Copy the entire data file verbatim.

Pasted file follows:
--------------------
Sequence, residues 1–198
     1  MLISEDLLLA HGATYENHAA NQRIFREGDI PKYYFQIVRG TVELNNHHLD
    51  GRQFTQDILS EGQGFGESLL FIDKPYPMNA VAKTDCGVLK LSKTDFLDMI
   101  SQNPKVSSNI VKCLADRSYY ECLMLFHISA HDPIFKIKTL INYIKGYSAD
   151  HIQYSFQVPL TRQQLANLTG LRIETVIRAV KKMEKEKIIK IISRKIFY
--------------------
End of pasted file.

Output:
Sequence, residues 1–198
     1  MLISEDLLLA HGATYENHAA NQRIFREGDI PKYYFQIVRG TVELNNHHLD
    51  GRQFTQDILS EGQGFGESLL FIDKPYPMNA VAKTDCGVLK LSKTDFLDMI
   101  SQNPKVSSNI VKCLADRSYY ECLMLFHISA HDPIFKIKTL INYIKGYSAD
   151  HIQYSFQVPL TRQQLANLTG LRIETVIRAV KKMEKEKIIK IISRKIFY